Liquid waste discharge caused by rare-earths processing forms a "rare earths lake" in the suburbs of Baotou, Inner Mongolia autonomous region. Oversupplies of rare earths have depleted China's own resources and seriously damaged the environment. [Photo / China Daily]
BEIJING - China is considering establishing an industry association and a government unit for the rare earths industry to gain more control over the precious metals, senior officials said Tuesday.
The rare earths industry association is likely to be launched in May and will assist companies in exports and international cooperation, Wang Caifeng, a former official of the Ministry of Industry and Information Technology (MIIT), who is setting up the group, said at a forum.
"We will be on the frontlines leading price talks with foreign buyers. Our role will be similar to that of the China Iron and Steel Association (CISA)," she said.
Chinese industry associations have served as agents through which companies negotiate with foreign suppliers and buyers, such as CISA representing Chinese steelmakers in talks with global miners on iron ore prices.
China also plans to establish a government unit in 2011 to specifically manage the rare earth sector, said an industry insider who requested anonymity. There are six ministry-level bodies overseeing the sector, including MIIT, the National Development and Reform Commission, and the Ministry of Commerce.
"The MIIT is leading the work of setting up the new unit, but it hasn't been decided whether it will be vice-ministerial or bureau level," he said. "The new unit will formulate the industry plan and guide the industry."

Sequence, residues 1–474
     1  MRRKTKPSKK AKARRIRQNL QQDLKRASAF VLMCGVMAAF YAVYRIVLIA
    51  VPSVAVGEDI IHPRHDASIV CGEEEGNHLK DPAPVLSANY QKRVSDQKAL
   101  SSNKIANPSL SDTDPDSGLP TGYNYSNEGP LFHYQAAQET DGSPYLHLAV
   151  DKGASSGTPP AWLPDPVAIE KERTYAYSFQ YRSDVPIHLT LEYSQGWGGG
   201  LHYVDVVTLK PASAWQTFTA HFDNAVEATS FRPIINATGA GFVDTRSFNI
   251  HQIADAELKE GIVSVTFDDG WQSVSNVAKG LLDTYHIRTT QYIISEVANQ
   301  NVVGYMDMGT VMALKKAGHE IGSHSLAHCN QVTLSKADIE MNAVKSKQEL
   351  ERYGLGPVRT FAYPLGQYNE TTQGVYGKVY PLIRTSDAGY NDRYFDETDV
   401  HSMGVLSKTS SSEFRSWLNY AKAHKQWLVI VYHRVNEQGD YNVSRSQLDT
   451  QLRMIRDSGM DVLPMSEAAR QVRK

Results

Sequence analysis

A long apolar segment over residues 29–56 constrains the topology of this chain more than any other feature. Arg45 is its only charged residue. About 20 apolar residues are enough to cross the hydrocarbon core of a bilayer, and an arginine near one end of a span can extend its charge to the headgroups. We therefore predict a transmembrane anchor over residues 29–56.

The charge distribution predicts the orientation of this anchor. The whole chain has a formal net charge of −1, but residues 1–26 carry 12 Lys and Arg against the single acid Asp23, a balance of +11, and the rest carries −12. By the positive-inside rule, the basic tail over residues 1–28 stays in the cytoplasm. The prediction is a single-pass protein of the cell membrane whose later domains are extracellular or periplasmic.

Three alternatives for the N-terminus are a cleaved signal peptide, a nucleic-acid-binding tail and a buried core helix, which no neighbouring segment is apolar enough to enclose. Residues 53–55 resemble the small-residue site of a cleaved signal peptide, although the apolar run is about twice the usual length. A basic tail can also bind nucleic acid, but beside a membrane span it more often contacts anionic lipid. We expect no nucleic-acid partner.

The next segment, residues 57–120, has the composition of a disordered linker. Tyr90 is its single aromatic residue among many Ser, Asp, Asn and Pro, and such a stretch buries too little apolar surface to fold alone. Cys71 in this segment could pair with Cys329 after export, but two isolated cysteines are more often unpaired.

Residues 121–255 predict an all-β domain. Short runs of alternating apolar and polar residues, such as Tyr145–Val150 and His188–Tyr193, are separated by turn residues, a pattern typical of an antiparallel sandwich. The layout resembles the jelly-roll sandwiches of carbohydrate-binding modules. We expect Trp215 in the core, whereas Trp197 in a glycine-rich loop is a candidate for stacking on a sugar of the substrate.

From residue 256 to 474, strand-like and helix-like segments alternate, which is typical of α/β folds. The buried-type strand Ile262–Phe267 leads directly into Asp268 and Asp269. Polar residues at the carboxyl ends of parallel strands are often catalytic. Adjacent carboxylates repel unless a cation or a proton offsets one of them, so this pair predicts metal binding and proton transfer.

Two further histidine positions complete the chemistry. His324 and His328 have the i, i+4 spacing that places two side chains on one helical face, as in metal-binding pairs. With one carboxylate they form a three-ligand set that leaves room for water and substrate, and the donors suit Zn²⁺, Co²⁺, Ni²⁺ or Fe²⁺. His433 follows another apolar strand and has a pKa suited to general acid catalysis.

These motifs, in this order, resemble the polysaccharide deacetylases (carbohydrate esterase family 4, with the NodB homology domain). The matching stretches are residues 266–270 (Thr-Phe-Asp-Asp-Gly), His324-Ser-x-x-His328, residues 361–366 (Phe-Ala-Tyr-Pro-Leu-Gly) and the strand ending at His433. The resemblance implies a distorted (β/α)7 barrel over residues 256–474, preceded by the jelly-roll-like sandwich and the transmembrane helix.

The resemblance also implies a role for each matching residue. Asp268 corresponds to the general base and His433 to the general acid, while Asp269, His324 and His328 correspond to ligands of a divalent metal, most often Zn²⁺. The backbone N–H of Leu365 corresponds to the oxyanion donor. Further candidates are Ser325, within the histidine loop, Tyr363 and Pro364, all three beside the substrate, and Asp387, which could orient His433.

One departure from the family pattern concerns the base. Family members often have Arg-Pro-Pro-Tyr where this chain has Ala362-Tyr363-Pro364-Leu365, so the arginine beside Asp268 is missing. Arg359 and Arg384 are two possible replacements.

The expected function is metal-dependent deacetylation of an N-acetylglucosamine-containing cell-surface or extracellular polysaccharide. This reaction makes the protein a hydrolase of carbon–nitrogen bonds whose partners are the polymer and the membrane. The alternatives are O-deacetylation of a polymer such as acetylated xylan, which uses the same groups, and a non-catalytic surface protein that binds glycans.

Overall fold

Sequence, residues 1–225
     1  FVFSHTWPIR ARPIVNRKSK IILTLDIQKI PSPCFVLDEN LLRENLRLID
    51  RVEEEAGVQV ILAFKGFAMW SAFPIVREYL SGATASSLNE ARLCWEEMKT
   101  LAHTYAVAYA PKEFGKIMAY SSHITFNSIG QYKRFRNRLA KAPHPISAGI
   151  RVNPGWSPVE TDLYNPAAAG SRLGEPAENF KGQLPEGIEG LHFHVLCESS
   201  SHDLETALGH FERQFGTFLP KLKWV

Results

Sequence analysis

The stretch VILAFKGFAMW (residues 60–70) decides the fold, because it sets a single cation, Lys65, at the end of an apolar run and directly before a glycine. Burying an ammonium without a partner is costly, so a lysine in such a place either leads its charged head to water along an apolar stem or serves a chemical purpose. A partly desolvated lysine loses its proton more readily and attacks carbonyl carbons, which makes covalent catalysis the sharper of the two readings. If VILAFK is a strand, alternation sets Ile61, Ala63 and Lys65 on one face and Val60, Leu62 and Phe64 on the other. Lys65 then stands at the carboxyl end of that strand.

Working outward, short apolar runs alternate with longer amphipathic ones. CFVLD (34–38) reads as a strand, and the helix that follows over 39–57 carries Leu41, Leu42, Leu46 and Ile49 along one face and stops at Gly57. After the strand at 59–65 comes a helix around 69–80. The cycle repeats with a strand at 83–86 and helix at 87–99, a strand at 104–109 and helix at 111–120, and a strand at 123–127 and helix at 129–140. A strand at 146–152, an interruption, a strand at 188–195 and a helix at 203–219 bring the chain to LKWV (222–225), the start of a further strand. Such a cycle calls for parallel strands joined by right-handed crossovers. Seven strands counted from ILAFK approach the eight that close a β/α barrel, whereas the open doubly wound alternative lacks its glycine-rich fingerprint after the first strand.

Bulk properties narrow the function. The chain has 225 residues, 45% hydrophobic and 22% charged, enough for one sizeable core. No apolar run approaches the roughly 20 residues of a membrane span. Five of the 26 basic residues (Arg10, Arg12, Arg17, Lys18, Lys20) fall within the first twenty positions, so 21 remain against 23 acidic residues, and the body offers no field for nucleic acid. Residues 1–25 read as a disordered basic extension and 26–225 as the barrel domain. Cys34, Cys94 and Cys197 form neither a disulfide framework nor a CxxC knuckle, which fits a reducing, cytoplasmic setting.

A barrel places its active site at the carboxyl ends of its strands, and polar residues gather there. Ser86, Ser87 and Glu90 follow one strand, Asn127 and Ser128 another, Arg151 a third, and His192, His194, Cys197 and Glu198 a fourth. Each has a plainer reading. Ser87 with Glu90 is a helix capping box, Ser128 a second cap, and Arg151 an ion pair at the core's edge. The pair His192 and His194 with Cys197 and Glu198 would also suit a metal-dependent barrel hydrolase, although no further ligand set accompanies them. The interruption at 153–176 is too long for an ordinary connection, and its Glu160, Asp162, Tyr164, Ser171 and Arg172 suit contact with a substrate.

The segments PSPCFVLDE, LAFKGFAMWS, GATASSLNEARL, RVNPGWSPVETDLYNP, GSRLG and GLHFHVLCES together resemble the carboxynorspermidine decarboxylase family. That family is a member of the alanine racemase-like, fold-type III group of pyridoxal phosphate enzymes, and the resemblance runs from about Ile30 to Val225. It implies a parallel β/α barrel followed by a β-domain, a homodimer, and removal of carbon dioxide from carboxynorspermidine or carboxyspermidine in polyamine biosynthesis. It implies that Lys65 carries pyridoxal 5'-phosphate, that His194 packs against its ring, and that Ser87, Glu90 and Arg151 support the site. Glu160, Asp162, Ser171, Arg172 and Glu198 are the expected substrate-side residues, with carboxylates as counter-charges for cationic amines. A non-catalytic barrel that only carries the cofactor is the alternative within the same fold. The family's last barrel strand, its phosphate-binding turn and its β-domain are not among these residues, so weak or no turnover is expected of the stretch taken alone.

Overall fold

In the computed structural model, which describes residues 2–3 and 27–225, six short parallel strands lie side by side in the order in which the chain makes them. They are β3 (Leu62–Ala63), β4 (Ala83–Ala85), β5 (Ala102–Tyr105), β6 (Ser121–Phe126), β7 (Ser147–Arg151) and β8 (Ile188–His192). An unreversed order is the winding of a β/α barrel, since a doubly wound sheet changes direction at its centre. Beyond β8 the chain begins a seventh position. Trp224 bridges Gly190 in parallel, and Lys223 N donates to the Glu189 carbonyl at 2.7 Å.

China has released guidelines to reform the industry by cracking down on illegal mining practices, encouraging more consolidation and reducing exports as oversupplies have depleted its own resources and seriously damaged the environment.
Rare earths, composed of 17 elements, are used in a number of high-tech processes ranging from wind turbines and hybrid cars to missiles. China has about 30 percent of global rare earths reserves, but produces 97 percent of the world's total.
China on Tuesday issued the first round of 2011 export quotas for rare earths, 14,446 tons, 11 percent less than the first round last year, according to a statement on the Ministry of Commerce website.
On claims made by United States on China's alleged restrictions on exports of rare earths, experts said China's policy has never violated the rules and regulations under the framework of the World Trade Organization.
On Tuesday, in the annual report on China's compliance with WTO rules, the Office of the US Trade Representative filed complaints to the WTO against China's trade policy for the alleged "excessive government intervention". The rare earths export policy was highlighted in the report.
"China's moves are based on market demand and economic development. Based on this, no one should blame China," Wang said.
Zhang Anwen, deputy secretary-general of the Chinese Society of Rare Earths, said: "China's measures are for the sake of protecting the environment for the sustainable development for the industry."
Since 2006, the country has imposed temporary taxes on rare earths exports and set limits on quotas. In 2010, China reduced export quotas to 60 percent, causing alarm among importing countries such as Japan.
The Ministry of Finance said on its website last week that China will raise the export taxes for some rare earth minerals to 25 percent in 2011.
The country is speeding up the pace of mergers and acquisitions in the rare earths sector and is encouraging consolidation among State-owned enterprises. China plans to cut the number of rare earths companies from the current 90 to 20 by 2015.